Feb 082012
Demonstrating the benefits of the national broadband network

For the February 2012 Nightlife technology spot Tony and Paul looked at Australia’s National Broadband Network, exploring the pros and cons of the project designed to connect all Australians to high speed broadband.

So what is the NBN and what does it do? Here’s some of the points we discussed along with some of the answers to listeners’ questions.

What is the NBN?

The National Broadband Network is intended replace the existing copper wire telephone network that was rolled out across the nation over the Twentieth century.

Eventually the network will provide fast data access across the country replacing the older network that was designed for telephone calls rather than computer communications.

Most of the country will be connected to fibre optic cables and areas where this is too expensive then wireless or satellite services will be used.

Why do we need a government run national network?

The NBN is the culmination of three decades of bad policy out of Canberra. We should remember that the Howard government struggled with how to provide high speed broadband access to the bush.

For coalition things became particularly bad once they privatised Telstra and no longer had any power over the company’s policies.

We’ve had a mix of ideological beliefs and rubbery figures from both sides of politics which have left Australia in the situation where the core telecoms network has had to be re-nationalised.

What are these different ways of connecting up?

The biggest part of the network will be fibre optic cable where the connection will run along the street like the existing telephone wires and will connect to a box outside your home or office.

This box – know as an NTD (Network Terminating Device) is then connected into either the existing household telephone system or into a computer network.

In areas receiving wireless and satellite subscribers will get dishes or receivers that plug into their existing home telephone or computer network.

There are different types of wireless

The different types of wireless networks cause confusion. The NBN is going to use 4G or LTE telephone wireless, which is what Telstra have started to roll out and Optus will be starting in the Hunter Valley around Easter 2012.

Most of us are using 3G networks on our phones which is what the bulk of the mobile phone networks are.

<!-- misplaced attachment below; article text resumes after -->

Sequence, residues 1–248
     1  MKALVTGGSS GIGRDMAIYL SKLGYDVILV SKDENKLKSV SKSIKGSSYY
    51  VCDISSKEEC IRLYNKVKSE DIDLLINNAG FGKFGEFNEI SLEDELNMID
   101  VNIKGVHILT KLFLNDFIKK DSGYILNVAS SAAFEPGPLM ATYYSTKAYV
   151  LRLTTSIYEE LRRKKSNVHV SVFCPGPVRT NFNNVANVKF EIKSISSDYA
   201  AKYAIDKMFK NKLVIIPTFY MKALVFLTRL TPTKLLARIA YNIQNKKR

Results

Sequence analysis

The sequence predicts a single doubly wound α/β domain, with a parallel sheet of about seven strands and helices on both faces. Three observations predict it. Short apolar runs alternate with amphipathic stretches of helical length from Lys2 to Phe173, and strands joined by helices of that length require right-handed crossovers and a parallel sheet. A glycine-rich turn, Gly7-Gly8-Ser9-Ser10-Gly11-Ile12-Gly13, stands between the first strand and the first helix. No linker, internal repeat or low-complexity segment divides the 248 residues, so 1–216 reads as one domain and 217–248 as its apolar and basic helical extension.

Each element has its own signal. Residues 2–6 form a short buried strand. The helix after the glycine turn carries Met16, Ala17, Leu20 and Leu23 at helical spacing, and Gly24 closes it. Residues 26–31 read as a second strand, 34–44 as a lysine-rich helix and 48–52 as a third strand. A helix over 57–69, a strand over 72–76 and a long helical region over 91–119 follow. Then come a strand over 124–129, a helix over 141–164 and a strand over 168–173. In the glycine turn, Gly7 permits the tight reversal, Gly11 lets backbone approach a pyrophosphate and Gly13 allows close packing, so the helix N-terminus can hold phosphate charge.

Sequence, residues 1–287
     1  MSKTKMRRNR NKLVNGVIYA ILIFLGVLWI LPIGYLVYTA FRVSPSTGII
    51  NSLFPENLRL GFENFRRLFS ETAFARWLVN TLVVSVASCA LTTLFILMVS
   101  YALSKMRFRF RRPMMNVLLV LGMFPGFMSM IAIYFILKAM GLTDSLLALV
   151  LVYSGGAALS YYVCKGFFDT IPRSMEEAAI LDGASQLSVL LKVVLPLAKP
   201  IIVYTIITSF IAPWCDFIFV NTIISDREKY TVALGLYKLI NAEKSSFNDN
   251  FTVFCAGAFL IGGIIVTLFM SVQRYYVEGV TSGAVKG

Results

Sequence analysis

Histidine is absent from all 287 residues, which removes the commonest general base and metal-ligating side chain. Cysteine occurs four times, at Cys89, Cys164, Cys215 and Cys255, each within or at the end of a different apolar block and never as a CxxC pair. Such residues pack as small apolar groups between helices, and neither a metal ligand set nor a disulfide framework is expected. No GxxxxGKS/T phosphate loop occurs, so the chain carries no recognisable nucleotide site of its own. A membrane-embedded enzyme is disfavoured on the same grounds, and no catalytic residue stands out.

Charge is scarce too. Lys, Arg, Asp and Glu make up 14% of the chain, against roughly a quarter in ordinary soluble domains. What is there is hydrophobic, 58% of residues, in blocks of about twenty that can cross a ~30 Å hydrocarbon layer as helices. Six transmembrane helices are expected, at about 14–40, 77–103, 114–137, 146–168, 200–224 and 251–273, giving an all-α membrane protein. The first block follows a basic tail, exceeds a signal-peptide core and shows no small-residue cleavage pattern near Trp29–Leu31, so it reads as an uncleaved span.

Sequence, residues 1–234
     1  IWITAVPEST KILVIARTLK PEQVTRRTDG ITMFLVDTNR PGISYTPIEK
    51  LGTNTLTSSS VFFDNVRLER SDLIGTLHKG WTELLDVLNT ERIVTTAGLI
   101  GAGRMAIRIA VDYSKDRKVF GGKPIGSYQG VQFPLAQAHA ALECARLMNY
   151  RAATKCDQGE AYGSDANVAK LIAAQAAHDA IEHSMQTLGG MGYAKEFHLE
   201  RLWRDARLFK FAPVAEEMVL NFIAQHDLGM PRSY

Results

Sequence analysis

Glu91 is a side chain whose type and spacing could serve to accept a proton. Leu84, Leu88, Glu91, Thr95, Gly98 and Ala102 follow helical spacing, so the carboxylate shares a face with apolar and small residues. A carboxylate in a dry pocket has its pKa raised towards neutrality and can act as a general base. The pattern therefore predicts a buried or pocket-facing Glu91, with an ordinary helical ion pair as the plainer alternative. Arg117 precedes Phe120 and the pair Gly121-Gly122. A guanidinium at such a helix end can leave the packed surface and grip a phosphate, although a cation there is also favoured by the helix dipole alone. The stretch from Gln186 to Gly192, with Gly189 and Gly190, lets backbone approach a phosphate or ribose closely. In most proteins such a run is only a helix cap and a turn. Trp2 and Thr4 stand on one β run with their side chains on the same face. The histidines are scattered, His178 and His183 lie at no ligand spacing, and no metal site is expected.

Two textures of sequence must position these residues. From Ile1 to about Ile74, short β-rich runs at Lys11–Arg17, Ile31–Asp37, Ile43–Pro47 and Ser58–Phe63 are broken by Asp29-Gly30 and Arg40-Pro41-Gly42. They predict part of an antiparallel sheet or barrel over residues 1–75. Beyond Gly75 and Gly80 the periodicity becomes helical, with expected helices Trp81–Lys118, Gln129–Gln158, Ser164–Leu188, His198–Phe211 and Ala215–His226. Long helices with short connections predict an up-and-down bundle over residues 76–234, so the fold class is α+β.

Another type of wireless is the Wireless Local Area Network. These are what we connect our home or office computers to. These plug into the existing services like the existing ADSL internet connections or the NBN’s fibre network.

We shouldn’t confuse Wireless LANs with the mobile phone technologies being used by the NBN or phone companies.

Who is running the NBN?

The organisation set up to build the NBN is NBNCo. They are setting the standards, negotiating access to existing infrastructure and building the network. Their head office is in North Sydney but major operations are also based in Melbourne.

In turn they are hiring contractors around the country to build the network, run the cables and connect buildings to the new services. Most of us will deal with those contractors and the companies selling NBNCo’s services.

How is National Broadband Network going to work?

We won’t talk to NBNCo directly, instead companies like Telstra, Optus, Vodafone and iiNet will buy services from them and then onsell them to us.

Telstra are playing an interesting game on competing. They are already offering 4G services in regional areas where NBNCo hasn’t announced rollouts and they are planning to upgrade their cable TV network to the DOCSIS 3.0 standard that can sometimes deliver speeds similar to the NBNs proposed service.

What happens if you don’t let them connect you

If you don’t let NBNCo’s contractors connect you to the new network then you’ll have a problem a year or so later.

The copper telephone network is going to be turned off in areas where fibre optic cables are installed so if you aren’t connected to the new system, you won’t have access.

Anyone who’s done some building or landscaping work knows it isn’t cheap and that’s what building owners who don’t allow access will have to pay for access later.

In Tasmania a few property owners who were just outside the NBN area asked about getting connected up and apparently the costs were prohibitive.

One of the things to watch out for is uncooperative building managers preventing NBN contractors from accessing their premises leaving all the residents disconnected when the phone network is turned off.

Will it really cost $14,000 to wire up your house?

No but there will be a cost to connect the building’s existing phone lines and power supply to the NBN’s Network Terminal Device (NTD) that will be bolted to the outside of the building.

The NTDs are designed to plug into existing phone systems and data networks so it shouldn’t be necessary to spend a fortune on connections or upgrades.

One area where there might be problems is in buildings that have substandard wiring. Licensed electricians and cablers will refuse to work on systems that don’t comply with standards so building owners may find they are faced with big bills to bring their systems up to standard.

Does the system work if the power goes out?

Yes, the basic cabling doesn’t need power, although the repeaters and local exchanges will – just like the phone network. Where the system does need power is at the NTDs which will come with a battery providing two to three hours power.

If the NBN gets hit by lightning, does it stop working?

Lightning is an incredibly powerful force. It doesn’t matter whether we’re talking about telephones, power or fibre optic networks – anything that is hit by lightning is going to be damaged.

We should keep in mind that the wireless alternative to fibre is more prone to lightening strikes as base stations are at high points.